Saturday, August 18, 2012

What to do with it all?

Clearing out the excess generally leaves you with piles of stuff. Big piles. Eventually, though, you get tired of the trips up and down the stair to load the bags and boxes in the car for a trip to Goodwill. What to do?

You have a couple of good options:

1) Sell it on Craigslist.

Craigslist can be a great option if you want to get rid of stuff and make a little money at the same time. It's easy and free to post ads, but the downside is you may have to wait a while before you can sell any of it (especially the big stuff, like furniture). Or, worst case scenario, nobody wants to buy it, leading you to question your taste and sanity in purchasing it in the first place.

2) Give it away via Freecycle.

This is my personal favorite route, best used when I'm more interested in gaining space in my home than in recouping some of the money I spent originally. I gave away a bookshelf, two CD books, and a curtain rod and curtains yesterday. Seeing that stuff go out the door with individuals who would use and appreciate them was fabulous.

Another huge bonus with Freecycle is that the stuff is unlikely to wind up in the dumpster -- never a guarantee with donating to Goodwill. In fact, more merchandise ends up in the dumpsters there than on the shelves. This is particularly true of clothing, which is inexpensive and easily obtainable nowadays due to manufacturing. I recommend Freecycle for almost all clothing in good condition (no stains, holes, tears, or other blemish), that way you can guarantee that the clothes end up with someone who needs them and will use them.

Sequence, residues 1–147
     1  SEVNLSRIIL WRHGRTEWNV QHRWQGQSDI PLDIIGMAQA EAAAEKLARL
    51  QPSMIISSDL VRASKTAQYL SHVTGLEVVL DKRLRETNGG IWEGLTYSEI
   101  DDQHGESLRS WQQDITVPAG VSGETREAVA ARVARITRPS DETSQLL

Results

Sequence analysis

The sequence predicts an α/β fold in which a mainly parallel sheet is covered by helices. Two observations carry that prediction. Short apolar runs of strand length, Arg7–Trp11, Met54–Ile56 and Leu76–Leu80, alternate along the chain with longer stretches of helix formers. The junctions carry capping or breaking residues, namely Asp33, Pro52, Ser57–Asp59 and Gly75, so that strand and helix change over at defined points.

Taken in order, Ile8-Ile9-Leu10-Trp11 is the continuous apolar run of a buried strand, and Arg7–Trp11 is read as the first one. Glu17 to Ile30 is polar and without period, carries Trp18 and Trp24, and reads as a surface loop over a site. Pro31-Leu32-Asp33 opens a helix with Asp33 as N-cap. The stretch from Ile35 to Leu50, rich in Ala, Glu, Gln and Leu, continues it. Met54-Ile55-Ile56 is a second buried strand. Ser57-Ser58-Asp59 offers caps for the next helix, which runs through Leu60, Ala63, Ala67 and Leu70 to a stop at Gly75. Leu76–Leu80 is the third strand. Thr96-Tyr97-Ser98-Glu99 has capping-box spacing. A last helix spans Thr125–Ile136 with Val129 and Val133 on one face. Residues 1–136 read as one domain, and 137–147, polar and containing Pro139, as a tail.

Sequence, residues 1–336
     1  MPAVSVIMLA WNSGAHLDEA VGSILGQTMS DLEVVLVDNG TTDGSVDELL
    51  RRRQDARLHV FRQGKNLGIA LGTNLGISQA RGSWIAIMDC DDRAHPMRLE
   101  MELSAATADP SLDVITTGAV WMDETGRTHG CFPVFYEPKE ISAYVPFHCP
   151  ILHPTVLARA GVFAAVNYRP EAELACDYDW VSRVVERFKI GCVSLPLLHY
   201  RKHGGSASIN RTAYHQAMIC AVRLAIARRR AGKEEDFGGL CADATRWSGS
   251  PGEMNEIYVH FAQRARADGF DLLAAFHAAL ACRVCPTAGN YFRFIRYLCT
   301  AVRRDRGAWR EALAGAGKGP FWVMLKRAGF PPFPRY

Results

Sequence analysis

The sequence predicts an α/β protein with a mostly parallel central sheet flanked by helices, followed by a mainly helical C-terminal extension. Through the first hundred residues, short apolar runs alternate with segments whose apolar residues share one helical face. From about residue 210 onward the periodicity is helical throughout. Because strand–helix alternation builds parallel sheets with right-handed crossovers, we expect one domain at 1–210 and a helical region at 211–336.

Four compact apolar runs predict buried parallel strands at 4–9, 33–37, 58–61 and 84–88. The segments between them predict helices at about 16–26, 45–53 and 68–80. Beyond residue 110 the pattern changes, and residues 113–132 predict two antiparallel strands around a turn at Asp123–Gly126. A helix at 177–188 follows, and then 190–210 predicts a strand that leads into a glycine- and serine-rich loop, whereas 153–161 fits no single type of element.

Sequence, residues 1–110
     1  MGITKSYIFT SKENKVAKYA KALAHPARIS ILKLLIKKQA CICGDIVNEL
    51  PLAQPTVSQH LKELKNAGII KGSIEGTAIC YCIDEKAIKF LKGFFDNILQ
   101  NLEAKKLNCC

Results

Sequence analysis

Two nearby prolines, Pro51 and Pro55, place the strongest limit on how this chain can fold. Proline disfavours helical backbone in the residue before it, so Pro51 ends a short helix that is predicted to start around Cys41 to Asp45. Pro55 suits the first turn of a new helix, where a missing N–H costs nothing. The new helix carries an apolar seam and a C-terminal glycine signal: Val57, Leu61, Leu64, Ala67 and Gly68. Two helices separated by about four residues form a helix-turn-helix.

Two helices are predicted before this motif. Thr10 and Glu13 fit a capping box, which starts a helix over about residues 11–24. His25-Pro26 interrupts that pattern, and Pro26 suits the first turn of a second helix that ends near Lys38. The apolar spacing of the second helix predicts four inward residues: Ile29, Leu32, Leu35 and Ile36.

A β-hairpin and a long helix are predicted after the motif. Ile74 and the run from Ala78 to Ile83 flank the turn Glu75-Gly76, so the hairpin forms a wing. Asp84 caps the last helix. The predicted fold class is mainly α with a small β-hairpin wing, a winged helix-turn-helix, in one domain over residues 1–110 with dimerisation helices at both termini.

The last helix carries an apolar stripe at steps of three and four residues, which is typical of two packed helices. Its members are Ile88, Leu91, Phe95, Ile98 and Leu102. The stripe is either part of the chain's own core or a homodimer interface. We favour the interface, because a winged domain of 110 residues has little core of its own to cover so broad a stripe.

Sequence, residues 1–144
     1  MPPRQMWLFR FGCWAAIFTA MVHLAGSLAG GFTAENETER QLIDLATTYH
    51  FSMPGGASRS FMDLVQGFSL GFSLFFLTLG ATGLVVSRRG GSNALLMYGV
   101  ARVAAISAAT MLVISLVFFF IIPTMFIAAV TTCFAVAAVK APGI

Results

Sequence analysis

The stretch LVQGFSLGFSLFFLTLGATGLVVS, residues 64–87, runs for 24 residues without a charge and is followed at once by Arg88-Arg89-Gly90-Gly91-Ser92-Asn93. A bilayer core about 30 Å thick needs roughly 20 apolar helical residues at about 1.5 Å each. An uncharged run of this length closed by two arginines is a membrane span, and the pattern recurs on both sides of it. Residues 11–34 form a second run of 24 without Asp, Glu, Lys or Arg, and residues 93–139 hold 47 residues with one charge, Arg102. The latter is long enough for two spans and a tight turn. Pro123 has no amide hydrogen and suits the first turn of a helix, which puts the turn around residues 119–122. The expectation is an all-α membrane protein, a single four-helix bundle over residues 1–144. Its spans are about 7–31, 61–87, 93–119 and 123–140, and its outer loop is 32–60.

Although I've sold a thing or two on Craigslist, my primary concern has been to reclaim the space in my apartment, and Freecycle has allowed me to do that in a timely manner.

What methods do you like to employ when getting rid of unwanted/unused items?


  1. Non for Profit resale shops are good too. The ones that aren't goodwill that don't get tons of people's stuff every day. They often will actually use your stuff. Many religious charities have small stores like these that are always looking for good merchandise especially clothing. They are more particular about what they take but they will usually send you home with the stuff they feel isn't suitable for their shop instead of taking it and throwing it away later.

  2. Very true, LK. Unfortunately, most of the little church-run shops seem to have closed here. :/ Still, I like to support a little thrift store just a block from my house -- I know they use more of what I give them than Goodwill does.